executing portions (a) and (b) of a number of additional minor cycles fewer than said plurality to "exercise" said input gate oxide while inhibiting measurement of associated de-integration times.
The invention relates generally to integrating analog-to-digital converters having metal-oxide-silicon (MOS) input stages, and more particularly toward reduction of crosstalk between successive measurements caused by ionic migration that tends to occur in the input gate oxide layers of MOS devices within such converters.
In many applications, such as in temperature measurement using thermocouples, an analog signal must be converted to a corresponding digital signal for data processing or display. Dual-slope integration type analog-to-digital converters are commonly preferred because the conversion accuracy and resolution as well as differential linearity inherent in them are excellent. Furthermore, dual-slope converters exhibit high normal-mode noise rejection and have relatively low long term drift. Dual-slope converters as well as numerous other analog-to-digital conversion techniques are described in Chapter 5 of Hnatek, Eugene, "A Users Handbook of D/A and A/D Converters", John Wiley & Sons, Inc., 1976.
In dual-slope conversion, an unknown input signal is first integrated for a fixed period of time, and the reference signal of a polarity opposite that of the input signal. The length of time required for the integrator to return to zero is proportional to the average magnitude of the input signal over the integration period. Referring to FIG. 1, for example, a two-channel analog-to-digital converter 10 for sampling alternately two different input voltages Vin.sbsb.1 and Vin.sbsb.2 comprises an integrator 12 that receives an input voltage Vin.sbsb.1 or Vin.sbsb.2 through a switch 14 and an amplifier 16. The switch 14, which preferably is formed of solid state switching circuitry controlled by a control unit 18, has its inputs connected to the two input voltage sources Vin.sbsb.1, Vin.sbsb.2 and to a reference voltage source Vref 20. The polarity of Vref 20 is opposite that of whichever one of input voltage Vin.sbsb.1 or Vin.sbsb.2 is being measured.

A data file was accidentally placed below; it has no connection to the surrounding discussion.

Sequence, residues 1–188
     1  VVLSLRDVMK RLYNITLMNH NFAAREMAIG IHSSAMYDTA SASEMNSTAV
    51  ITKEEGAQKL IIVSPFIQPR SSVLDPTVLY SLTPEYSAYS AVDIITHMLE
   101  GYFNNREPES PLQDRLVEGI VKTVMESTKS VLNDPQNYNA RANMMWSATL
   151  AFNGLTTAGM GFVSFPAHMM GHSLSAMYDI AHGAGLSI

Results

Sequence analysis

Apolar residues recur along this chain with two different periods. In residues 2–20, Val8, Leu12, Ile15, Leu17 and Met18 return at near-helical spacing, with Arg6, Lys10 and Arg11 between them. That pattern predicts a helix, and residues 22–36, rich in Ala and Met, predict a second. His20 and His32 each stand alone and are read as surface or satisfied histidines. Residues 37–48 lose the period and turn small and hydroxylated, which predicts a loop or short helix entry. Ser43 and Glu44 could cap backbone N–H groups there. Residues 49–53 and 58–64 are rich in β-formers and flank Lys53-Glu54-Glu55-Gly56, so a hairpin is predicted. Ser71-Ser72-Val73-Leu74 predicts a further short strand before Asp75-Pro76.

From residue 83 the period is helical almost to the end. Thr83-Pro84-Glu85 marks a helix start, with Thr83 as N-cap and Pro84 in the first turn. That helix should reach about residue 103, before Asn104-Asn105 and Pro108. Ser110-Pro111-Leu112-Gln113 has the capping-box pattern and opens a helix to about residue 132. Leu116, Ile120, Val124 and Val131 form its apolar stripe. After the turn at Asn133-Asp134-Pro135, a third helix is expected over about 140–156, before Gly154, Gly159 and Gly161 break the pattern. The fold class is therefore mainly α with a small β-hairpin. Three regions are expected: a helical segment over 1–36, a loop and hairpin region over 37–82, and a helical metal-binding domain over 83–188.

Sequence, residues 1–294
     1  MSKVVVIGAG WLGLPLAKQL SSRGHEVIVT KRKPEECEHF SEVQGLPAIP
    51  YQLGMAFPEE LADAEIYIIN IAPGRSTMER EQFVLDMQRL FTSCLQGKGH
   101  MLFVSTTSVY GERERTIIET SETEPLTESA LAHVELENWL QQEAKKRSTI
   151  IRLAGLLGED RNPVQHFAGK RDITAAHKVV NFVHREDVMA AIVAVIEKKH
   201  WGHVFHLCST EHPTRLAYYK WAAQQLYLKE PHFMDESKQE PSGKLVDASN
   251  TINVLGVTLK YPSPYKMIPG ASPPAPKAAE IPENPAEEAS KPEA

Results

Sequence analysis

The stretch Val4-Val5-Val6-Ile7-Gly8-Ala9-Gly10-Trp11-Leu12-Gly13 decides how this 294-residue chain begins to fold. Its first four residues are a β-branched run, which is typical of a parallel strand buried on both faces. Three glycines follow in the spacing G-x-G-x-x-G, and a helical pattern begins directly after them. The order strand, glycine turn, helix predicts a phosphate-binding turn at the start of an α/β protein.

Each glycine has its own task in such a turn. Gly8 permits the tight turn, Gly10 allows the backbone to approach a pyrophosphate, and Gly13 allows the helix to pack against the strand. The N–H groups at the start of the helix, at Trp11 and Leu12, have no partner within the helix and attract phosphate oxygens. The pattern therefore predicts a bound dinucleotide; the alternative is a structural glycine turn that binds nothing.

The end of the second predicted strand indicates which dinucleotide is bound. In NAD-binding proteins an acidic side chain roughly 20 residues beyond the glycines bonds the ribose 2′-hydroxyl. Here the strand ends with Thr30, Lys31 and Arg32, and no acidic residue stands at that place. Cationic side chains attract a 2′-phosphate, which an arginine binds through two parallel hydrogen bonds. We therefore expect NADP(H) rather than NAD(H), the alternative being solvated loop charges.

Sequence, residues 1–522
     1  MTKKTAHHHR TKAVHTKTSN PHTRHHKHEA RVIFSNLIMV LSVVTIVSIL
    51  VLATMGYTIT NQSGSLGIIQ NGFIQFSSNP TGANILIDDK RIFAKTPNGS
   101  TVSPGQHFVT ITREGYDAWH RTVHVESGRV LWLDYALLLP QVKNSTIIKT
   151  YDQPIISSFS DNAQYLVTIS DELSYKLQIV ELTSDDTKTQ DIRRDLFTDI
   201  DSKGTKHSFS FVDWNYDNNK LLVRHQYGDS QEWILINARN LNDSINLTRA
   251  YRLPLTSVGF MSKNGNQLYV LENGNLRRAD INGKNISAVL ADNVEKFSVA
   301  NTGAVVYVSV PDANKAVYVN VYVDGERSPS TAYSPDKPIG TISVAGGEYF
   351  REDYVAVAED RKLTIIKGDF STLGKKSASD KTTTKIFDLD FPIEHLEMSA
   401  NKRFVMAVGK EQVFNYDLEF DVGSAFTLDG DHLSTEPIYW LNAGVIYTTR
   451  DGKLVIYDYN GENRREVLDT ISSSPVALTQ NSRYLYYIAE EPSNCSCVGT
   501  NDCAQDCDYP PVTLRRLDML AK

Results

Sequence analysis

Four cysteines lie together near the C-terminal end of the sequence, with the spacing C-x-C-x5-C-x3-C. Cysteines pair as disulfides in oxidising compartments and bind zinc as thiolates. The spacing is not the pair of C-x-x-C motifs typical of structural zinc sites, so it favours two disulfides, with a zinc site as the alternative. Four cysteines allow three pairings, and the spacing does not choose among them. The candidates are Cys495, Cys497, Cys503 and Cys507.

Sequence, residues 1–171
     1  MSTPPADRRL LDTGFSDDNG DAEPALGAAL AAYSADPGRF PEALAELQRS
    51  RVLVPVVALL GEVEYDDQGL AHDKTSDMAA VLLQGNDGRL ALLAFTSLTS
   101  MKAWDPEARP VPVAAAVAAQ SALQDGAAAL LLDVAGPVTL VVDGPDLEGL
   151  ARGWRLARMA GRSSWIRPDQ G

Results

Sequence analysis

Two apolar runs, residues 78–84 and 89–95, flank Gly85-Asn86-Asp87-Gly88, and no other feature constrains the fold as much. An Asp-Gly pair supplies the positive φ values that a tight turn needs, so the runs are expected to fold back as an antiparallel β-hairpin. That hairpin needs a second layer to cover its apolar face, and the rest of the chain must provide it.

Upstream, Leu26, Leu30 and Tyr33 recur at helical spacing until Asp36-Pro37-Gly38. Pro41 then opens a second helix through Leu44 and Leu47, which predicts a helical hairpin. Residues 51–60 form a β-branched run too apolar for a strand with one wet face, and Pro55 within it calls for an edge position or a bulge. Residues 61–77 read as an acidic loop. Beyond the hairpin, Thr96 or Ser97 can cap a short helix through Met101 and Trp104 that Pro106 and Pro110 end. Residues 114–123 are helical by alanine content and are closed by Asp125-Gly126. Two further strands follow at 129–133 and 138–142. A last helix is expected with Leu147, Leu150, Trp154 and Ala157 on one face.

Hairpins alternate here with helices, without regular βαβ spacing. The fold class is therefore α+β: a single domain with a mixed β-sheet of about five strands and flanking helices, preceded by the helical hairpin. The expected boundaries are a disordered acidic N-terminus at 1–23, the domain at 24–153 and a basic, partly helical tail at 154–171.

The output of integrator 12 is applied to a comparator 22 which compares the magnitude of the integrated input voltage with ground or with some other reference level that is intermediate the magnitude of the input voltage Vin.sbsb.1, Vin.sbsb.2 being measured and the reference voltage Vref. A constant rate clock within control unit 18 establishes a timing base for controlling the operation of integrator 12.